- The United States Military, through a network of innocuous-looking mobile applications and multiple covert data streams, has been extracting an enormous amount of data - notably from a Muslim prayer and Quran application with over 98 million downloads worldwide.
In the digital age, data has become a sought-after commodity, as it provides an insight into a complete spectrum of socio-economic behavior, including spending patterns, political inclination and voting preferences - which were openly harvested during the Brexit vote and the 2016 U.S. Presidential Election, as seen in the Cambridge Analytica scandal.
Yet, these blatant lapses in digital security are indicative of the fact that data is treated like another commodity, extracted and sold to the highest bidder; which sets a dangerous precedent when it comes to securing the fundamental liberties of the billions of users on the internet.
As reported by VICE News, the United States Military, through a network of innocuous-looking mobile applications and multiple covert data streams, has been extracting an enormous amount of data - notably from a Muslim prayer and Quran application with over 98 million downloads worldwide.
The report, through public records, interviews and technical analysis, has shown that the U.S. Military utilizes multiple data streams to obtain vast volumes of data - through companies referred to as Babel Street and X-Mode.
Babel Street creates a product called Locate X, and the U.S Special Operations Command (USSOCOM), which is a brand of the military tasked with counter-terrorism, counter-insurgency and special reconnaissance, bought access to the product to facilitate and assist in special forces operations overseas. On the other hand, X-Mode obtains location (or geo-tagged) data directly from mobile applications, and subsequently sells that data to military contractors in the United States.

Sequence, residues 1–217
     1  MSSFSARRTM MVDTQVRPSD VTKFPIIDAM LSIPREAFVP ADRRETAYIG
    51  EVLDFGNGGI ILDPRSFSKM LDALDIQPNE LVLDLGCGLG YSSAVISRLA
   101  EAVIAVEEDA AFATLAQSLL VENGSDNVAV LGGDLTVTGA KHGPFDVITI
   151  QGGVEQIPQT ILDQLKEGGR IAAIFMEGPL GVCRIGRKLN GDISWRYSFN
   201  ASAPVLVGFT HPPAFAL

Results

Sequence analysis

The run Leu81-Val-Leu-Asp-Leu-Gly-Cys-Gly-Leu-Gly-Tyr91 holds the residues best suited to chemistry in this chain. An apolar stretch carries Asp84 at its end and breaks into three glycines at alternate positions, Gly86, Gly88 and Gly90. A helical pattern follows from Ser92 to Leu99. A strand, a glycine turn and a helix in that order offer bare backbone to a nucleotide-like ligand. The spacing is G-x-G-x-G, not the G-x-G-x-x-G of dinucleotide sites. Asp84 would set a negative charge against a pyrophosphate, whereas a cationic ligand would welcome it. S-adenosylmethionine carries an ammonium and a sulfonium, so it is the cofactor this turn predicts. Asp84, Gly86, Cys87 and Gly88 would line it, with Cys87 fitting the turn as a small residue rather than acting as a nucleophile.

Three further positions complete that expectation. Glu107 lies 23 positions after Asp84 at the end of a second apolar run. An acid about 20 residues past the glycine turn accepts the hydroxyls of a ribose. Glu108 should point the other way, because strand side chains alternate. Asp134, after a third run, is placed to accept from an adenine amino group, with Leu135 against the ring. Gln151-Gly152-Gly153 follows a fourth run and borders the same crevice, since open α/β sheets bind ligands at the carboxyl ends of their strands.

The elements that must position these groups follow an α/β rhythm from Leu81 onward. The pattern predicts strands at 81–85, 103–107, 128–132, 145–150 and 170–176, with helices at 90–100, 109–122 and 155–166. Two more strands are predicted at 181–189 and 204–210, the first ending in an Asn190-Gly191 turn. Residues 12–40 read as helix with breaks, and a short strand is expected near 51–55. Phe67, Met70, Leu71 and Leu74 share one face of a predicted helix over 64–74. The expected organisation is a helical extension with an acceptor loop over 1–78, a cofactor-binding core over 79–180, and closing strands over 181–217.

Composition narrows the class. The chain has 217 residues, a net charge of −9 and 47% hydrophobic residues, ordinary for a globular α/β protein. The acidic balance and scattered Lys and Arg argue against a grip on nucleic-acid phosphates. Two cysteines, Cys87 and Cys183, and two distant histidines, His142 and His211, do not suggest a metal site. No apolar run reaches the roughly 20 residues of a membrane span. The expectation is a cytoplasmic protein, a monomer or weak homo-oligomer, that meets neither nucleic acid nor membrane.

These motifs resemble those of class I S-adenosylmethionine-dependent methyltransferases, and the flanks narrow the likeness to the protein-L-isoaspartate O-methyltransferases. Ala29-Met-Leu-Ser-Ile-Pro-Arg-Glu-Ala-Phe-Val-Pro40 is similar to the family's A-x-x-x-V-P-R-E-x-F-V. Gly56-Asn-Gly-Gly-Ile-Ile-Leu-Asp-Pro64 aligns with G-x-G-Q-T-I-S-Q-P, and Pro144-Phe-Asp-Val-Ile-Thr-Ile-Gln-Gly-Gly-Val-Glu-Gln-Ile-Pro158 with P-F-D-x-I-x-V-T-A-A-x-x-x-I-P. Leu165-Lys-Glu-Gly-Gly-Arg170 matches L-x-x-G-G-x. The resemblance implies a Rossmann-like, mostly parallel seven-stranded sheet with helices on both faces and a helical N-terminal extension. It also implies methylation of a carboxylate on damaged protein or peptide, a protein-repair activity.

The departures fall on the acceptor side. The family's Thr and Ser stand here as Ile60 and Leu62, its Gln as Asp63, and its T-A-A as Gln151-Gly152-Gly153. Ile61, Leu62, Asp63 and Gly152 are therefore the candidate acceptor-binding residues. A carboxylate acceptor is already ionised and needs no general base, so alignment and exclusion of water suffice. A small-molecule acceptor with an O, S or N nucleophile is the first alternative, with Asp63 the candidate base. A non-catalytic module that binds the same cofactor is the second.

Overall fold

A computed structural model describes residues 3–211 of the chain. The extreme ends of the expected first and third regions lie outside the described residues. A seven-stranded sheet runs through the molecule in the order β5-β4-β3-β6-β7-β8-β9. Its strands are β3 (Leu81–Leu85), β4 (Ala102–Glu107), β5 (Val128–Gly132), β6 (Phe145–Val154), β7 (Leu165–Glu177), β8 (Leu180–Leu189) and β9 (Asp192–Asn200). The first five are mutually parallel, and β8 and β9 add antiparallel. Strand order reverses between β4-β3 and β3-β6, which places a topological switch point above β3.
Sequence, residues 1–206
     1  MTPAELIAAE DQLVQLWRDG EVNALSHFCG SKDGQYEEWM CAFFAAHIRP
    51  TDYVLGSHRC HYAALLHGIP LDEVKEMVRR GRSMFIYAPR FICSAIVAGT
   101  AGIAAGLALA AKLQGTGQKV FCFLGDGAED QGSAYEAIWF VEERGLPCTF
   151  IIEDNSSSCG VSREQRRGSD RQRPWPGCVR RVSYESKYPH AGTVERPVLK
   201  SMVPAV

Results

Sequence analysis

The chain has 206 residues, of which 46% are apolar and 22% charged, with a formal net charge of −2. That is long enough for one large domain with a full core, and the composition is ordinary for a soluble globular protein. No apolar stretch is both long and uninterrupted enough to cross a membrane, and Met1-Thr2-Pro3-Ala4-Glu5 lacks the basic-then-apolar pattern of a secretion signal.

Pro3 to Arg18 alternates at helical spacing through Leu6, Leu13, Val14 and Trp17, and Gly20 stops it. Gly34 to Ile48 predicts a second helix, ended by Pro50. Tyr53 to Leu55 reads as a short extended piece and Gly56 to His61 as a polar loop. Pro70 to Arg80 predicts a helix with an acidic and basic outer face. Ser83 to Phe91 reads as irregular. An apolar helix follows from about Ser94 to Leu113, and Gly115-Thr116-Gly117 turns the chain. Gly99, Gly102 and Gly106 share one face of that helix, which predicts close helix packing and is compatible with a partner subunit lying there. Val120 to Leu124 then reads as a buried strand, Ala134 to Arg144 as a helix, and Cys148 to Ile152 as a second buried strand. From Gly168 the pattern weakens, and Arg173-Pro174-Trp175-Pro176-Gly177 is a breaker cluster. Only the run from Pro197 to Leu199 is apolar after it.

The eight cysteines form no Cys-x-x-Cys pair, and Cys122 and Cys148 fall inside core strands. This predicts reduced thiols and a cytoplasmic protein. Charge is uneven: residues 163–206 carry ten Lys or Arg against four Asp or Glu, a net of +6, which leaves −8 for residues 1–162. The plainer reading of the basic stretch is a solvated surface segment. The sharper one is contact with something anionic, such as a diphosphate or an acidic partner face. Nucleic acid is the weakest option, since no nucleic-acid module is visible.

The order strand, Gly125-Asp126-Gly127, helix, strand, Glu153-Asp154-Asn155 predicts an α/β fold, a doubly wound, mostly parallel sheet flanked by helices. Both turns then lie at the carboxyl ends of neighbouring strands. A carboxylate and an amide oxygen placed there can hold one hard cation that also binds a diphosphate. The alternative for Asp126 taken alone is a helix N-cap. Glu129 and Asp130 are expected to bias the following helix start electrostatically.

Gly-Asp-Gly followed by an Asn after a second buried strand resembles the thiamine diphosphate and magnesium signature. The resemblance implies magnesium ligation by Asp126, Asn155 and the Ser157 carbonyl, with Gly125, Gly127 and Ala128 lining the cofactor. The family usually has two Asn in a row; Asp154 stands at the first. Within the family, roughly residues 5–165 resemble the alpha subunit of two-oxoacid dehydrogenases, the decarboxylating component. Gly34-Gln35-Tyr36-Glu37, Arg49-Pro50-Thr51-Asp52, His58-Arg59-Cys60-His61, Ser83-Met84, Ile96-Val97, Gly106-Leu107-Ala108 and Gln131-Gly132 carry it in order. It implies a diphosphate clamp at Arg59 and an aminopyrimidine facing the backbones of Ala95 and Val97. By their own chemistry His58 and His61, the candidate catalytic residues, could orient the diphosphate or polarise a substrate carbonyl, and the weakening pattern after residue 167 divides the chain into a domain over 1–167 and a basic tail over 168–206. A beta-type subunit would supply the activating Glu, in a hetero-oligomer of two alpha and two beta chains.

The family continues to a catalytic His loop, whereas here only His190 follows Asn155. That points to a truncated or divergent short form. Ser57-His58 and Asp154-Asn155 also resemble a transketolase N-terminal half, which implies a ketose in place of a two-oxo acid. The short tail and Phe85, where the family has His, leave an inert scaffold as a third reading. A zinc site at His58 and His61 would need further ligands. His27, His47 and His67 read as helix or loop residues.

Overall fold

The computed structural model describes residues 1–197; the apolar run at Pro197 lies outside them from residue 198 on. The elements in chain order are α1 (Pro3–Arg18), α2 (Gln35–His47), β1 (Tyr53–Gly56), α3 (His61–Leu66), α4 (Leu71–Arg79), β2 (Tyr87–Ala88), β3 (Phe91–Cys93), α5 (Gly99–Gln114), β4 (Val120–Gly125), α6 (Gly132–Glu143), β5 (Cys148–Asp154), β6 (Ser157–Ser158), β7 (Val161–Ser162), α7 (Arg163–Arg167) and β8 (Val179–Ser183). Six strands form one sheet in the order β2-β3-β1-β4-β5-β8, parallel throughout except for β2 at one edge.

The U.S. Military has often used geo-tagged location data for targeted drone strikes, as it remains unclear whether purchasing access to sensitive data from cellular and internet devices would immediately translate into a direct military function - yet the fact that this information has been deliberately undisclosed to the millions of users of the targeted applications remains a blatant violation of digital privacy laws, kept under the legislative protections of the Patriot Act.
The applications sending data to X-Mode include Muslim Pro, which sends reminders on prayer times and the direction of Mecca relative to the user's current location - it has been downloaded over 50 million times on Android, with over 98 million downloads across all other operating platforms (including iOS), and its users are predominantly Muslim. In a recent interview with CNN, Joshua Anton - CEO of X-Mode - stated that the company tracks 25 million devices inside the United States every month, with an additional 40 million devices scattered across the European Union, Latin America and the Asia-Pacific region.
The fact that the United States Military is extracting large volumes of geo-tagged location data through mobile applications majorly being used by Muslims is reflective of the fact that the country has been waging multiple costly wars across the Middle East since decades; as the Islamophobic hyper-anxiety against the Muslim community since the onset of the War on Terror continues to linger.